Tuesday, November 24, 2009

On Food, Dance and Tradition

A year or so ago, I read the Omnivore's Dilemma by Michael Pollan and was fascinated by our gathered food knowledge. Before science, how could Mexicans have possibly known that corn supplemented the one nutrient that black beans could not give them? Yet, they ate the two together religiously, as if they knew one without the other was useless.

In fact, it's only recently that we've tried to base our food knowledge on science, which seems to be ineffectual. Our obesity rates and trend diets that change every year or two confirms just that.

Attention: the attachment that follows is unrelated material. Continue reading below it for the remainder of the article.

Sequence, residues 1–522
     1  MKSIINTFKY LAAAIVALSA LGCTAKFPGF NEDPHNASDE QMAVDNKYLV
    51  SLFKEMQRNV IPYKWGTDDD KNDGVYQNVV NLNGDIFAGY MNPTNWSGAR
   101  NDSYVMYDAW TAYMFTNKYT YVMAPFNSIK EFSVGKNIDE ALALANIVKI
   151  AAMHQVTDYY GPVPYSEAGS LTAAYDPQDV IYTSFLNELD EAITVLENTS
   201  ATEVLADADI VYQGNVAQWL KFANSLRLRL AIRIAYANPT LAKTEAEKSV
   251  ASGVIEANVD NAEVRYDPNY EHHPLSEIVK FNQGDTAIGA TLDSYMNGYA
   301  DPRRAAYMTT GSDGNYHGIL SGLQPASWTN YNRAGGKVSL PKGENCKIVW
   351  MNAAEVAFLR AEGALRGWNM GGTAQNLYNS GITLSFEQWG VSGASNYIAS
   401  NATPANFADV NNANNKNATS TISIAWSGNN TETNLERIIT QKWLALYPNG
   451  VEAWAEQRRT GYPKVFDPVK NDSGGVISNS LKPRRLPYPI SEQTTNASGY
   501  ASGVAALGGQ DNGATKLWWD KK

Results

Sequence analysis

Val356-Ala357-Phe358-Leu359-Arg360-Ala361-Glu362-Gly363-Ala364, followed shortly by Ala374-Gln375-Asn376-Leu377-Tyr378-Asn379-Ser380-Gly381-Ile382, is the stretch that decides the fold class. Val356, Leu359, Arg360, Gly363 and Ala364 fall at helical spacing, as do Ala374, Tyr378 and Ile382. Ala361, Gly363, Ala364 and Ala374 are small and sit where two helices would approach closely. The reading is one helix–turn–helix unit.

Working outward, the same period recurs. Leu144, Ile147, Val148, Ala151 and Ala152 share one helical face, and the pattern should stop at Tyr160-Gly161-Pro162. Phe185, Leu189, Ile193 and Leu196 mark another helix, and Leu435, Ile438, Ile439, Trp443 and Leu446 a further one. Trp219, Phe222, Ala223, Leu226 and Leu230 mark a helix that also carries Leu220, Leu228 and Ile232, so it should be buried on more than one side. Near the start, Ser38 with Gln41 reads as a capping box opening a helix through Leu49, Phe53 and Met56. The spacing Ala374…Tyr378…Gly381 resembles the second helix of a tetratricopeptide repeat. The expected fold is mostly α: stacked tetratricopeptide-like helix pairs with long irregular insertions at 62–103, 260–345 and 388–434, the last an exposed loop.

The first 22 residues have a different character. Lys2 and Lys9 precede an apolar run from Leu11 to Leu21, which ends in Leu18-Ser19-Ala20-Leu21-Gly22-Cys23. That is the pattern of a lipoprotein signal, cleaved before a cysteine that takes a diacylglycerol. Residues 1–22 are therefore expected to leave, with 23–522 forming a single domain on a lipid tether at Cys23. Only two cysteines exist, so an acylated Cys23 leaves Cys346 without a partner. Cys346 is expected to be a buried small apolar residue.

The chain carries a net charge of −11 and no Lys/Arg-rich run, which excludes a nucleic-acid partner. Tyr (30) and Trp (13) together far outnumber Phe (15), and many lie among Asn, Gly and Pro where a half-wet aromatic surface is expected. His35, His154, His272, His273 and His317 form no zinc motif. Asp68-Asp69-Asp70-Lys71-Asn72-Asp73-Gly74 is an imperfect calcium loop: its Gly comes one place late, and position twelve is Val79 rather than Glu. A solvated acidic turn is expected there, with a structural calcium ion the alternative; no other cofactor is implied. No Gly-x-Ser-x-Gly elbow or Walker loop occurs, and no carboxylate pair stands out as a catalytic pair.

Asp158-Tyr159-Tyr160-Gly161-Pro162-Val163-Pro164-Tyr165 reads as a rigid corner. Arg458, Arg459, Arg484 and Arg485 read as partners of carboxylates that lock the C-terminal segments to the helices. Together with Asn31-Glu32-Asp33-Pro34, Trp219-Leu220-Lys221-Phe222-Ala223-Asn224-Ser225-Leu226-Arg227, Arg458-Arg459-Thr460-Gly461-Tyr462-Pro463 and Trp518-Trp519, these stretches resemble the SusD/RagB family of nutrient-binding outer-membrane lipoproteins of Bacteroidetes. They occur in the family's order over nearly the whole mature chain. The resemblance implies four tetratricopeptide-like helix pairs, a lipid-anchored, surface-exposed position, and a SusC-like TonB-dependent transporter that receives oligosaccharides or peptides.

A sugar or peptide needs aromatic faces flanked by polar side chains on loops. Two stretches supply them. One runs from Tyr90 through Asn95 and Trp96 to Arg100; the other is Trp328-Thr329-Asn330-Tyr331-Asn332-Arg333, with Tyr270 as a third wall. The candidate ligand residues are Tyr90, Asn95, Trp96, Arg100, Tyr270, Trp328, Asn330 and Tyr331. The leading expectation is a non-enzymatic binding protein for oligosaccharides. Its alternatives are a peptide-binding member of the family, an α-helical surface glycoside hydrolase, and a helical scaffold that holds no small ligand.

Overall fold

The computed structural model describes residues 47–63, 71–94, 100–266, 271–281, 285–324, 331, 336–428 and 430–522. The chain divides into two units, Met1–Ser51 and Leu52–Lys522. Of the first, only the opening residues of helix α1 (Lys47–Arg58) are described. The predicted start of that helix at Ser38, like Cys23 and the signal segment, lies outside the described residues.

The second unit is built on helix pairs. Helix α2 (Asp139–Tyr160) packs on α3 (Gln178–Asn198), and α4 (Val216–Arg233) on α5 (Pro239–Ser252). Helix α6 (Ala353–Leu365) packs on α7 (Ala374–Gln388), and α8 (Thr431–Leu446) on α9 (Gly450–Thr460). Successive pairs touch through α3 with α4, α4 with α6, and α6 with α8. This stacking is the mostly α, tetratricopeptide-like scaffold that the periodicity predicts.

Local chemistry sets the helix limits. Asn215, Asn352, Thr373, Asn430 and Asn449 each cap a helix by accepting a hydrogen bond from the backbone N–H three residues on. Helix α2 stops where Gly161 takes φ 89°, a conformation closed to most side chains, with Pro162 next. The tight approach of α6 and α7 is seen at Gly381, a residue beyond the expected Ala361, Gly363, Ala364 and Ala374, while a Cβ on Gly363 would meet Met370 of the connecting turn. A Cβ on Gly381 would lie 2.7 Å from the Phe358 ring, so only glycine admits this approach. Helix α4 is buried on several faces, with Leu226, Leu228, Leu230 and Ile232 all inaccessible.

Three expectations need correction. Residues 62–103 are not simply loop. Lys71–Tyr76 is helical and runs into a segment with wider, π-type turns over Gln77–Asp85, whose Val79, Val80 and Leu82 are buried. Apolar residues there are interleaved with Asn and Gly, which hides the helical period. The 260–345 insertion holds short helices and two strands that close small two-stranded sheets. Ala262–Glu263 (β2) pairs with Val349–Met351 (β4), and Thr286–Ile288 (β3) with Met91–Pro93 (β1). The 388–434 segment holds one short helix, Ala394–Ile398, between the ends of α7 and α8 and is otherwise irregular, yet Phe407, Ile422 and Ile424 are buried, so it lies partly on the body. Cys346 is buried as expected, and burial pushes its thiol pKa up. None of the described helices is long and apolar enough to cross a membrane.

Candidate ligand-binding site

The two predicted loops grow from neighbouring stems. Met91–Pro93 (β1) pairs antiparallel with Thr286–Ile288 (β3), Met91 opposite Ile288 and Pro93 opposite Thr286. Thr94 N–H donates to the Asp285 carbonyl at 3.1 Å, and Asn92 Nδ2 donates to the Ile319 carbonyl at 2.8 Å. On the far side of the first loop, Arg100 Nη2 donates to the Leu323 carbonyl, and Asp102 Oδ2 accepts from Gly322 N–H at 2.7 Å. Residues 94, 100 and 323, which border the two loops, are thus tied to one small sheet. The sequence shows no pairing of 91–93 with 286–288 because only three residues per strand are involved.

As usual, I've related this to dance. In my discussions on traditionality, I touch upon the question of dissecting traditionality. Like deconstructing food, does deconstructing the parts that make up bharatanatyam or classical Indian dance, and then putting them together in new and unexpected ways add up to the sum of its parts? I often wonder if this deconstruction - where we analyze the form, decide that we'll keep pieces of it and discard others to our liking - is a bit like separating the black beans from the corn and deciding to throw away the corn. We've just lost something essential to the dance form, the process, the choreography, and we have no way of knowing it's importance for sure.

Essential to what? That's a good question. I suppose if we go to rasa theory (and my own belief) that you won't ever get to experience truth or that "I've-got-chills-but-this-is-more-than-just-that" feeling by choreographing or dancing in this manner.

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